Bank of Dave
August 30th, 2023
MOVIE: BANK OF DAVE
STARRING: RORY KINNEAR, JOEL FRY, PHOEBE DYNEVOR, HUGH BONNEVILLE
DIRECTED BY: CHRIS FOGGIN
AMovieGuy.com’s RATING: 2 STARS (Out of 4)
Some stories are better suited for a sweet, puffy human interest story, and not for a full-length feature film. The unfortunate part about being cynical is that it isn’t very fair to judge a kind-hearted movie such as Bank of Dave, but the reality is that this cold heart isn’t moved by much these days. Director Chris Foggin has put together a kind cast of actors to tell this true story about Dave Fishwick, a nice man with the courage to take on big banks, hoping to establish his own bank that would think about the people first and the money second. Some will gravitate to the warmth of a movie like this but Bank of Dave is painfully cheesy and not worth enough to withdraw.
Our title Dave is played by Rory Kinnear (an actor who deserved more love for his work in Men). He lives in the small neighborly London town called Burnley, where most of the town enjoys a pint at the pub, and everyone joins in on singing karaoke with one another. Everyone knows Dave and it’s not just because he’s a local, but because he has provided loans to countless amounts of people in the village. Maureen (Cathy Tyson) was in need of medical support so Dave helped out with bills. Anyone want to start a new business? Just see Dave and he can help. If the bank refuses a loan there is always Dave to help. So the idea creeps into his head that he should start his own bank, doing it a legitimate way, but cutting through the red tape of the banking system is an uphill climb, so Dave will go.
This is where Hugh (Joel Fry from Cruella) arrives as the lucky person assigned to Dave’s request. At first, he thinks this idea is a joke, a way to spark change in the banking industry, but he quickly can see Dave’s intentions are true. The two enjoy conversations, one man from the big city of London and another in the small town of Burley, and soon Hugh can see that these people need someone like Dave. The big banks would just take advantage of them and so the goal becomes to make the Bank of Dave a reality. What Hugh finds along the way is love, friendship, and a big heart to make the banking commission look like the good guys. At least for a little while.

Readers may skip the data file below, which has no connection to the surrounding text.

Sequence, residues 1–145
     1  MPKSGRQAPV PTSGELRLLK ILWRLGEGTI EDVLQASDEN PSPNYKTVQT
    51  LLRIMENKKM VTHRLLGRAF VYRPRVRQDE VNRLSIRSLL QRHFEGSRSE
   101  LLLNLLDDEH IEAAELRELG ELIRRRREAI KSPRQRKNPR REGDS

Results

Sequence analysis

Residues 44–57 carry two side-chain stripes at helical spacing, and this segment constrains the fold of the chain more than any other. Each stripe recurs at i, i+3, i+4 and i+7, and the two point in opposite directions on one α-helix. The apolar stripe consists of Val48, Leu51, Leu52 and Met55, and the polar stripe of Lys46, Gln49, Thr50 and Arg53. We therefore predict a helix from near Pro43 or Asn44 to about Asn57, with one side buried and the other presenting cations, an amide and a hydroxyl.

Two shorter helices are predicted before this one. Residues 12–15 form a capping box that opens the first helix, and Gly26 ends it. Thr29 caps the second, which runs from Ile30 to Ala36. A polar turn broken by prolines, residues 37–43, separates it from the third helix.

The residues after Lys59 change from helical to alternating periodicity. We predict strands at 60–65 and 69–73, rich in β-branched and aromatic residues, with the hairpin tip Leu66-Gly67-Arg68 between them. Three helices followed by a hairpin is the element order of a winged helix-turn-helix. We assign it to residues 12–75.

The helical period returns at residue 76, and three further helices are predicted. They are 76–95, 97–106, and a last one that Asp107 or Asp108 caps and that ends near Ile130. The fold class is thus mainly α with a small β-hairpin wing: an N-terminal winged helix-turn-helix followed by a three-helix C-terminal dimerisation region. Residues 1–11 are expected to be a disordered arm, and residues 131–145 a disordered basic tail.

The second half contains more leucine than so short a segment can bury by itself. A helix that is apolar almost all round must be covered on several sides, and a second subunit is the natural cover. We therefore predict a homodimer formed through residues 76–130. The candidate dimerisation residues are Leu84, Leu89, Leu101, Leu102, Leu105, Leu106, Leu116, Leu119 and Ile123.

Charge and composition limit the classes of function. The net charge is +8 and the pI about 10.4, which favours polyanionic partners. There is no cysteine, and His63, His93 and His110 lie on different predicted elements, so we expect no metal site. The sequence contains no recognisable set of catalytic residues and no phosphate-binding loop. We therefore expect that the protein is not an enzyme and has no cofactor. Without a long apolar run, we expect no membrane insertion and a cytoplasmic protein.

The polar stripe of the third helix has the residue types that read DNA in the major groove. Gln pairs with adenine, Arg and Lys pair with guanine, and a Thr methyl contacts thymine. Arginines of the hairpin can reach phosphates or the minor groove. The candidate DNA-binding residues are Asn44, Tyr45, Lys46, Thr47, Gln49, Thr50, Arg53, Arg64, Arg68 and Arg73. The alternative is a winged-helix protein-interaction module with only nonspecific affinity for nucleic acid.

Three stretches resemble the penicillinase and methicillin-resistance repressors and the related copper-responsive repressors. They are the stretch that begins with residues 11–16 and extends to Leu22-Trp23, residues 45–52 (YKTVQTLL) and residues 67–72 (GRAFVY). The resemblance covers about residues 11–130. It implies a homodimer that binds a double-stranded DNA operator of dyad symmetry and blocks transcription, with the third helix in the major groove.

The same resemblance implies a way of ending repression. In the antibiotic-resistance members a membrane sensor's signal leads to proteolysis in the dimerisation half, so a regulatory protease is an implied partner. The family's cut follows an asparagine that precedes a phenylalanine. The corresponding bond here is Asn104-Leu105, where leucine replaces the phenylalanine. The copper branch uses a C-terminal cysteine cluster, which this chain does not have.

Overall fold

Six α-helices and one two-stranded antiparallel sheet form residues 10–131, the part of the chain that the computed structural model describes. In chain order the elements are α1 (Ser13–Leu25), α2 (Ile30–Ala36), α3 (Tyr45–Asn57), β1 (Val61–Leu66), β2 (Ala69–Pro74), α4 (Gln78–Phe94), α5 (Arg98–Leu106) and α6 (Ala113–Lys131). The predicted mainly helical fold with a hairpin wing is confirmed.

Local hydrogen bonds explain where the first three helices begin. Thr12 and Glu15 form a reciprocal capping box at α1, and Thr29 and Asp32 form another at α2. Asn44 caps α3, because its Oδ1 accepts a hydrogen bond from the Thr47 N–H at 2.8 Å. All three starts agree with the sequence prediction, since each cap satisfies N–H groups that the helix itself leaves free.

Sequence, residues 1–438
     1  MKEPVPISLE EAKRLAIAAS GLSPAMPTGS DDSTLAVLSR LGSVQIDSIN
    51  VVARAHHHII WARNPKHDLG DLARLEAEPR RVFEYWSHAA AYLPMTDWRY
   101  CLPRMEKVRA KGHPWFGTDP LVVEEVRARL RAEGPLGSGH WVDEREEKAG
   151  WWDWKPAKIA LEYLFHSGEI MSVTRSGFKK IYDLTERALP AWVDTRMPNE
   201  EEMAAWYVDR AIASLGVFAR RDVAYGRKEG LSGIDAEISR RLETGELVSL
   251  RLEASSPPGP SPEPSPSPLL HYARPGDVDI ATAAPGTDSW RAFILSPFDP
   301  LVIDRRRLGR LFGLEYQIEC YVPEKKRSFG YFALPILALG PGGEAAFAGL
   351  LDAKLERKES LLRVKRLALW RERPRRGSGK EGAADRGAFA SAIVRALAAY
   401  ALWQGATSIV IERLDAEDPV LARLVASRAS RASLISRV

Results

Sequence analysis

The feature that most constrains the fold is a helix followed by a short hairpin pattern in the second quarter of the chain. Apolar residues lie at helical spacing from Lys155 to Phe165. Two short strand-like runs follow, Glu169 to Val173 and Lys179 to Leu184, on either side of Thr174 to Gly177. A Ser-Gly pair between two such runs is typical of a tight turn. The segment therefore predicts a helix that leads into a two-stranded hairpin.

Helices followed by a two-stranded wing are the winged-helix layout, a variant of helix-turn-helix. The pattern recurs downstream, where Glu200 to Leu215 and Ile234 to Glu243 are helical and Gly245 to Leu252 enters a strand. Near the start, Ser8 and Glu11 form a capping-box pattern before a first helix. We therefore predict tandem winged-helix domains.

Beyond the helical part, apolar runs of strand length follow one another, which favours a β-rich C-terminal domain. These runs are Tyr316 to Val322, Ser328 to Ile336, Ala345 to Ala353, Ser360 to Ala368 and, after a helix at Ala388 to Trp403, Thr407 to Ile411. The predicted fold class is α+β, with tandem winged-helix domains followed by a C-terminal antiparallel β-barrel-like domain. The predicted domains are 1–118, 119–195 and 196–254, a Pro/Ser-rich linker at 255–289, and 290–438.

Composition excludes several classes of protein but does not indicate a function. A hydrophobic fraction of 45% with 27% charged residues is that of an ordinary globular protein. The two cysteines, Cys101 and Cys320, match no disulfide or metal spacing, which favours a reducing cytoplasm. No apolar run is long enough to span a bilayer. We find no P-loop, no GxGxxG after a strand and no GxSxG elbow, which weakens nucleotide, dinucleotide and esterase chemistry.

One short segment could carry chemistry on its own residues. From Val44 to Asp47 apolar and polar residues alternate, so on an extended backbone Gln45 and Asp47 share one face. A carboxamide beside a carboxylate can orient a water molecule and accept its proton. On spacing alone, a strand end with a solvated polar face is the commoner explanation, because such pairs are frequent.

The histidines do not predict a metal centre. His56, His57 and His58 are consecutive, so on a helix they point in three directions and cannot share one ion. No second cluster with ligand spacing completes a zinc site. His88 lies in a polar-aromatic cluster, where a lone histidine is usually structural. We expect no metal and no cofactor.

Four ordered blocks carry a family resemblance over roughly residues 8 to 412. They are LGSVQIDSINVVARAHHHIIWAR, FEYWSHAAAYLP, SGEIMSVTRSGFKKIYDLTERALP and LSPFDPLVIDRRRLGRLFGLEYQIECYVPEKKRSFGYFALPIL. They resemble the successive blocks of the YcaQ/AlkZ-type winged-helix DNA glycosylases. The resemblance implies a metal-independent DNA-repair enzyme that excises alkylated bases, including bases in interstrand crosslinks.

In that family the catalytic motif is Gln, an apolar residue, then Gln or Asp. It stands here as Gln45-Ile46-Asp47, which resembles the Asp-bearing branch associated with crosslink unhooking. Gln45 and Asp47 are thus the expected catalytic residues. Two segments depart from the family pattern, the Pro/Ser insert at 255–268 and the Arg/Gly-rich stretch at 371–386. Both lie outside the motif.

In terms of narrative structure, there’s not much about Bank of Dave that thrills or excites. The direction from Foggins, working off a brisk screenplay by Piers Ashworth, is equal to a TV movie, no matter how much the cast can elevate the material. Two other subplots land equally flat. Hugh becomes cozy with Dave’s friend Alexandra (Phoebe Dynevor), a nurse he meets in the local clinic, and another person who tells Hugh about Dave’s generosity. She’s also the love interest of the new guy in town. The other oddly placed subplot is when friends organize a charity concert for Dave, receiving help from the band Def Leppard, and allowing the song choices to be all Def Leppard all the time. Although the thought is cool, the appearance of the band is off-putting and as equally cheesy as the rest of the film.
What ultimately happens is that Bank of Dave is too cute, much too sweet, and lacking in any real emotional heft. Unlike a big sack of cash, this thing is incredibly light, often neither funny nor romantic enough. It makes for a great story to read in the newspaper or the last segment on your local news station. Bank of Dave hopes you have a soft spot and are excited for another classic case of the little guy going against the giant. I just wasn’t falling for any of that. I guess you could say that my heart is just too bankrupt.
BANK OF DAVE IS PLAYING IN SELECT THEATERS FRIDAY AUGUST 25TH, 2023
Written by: Leo Brady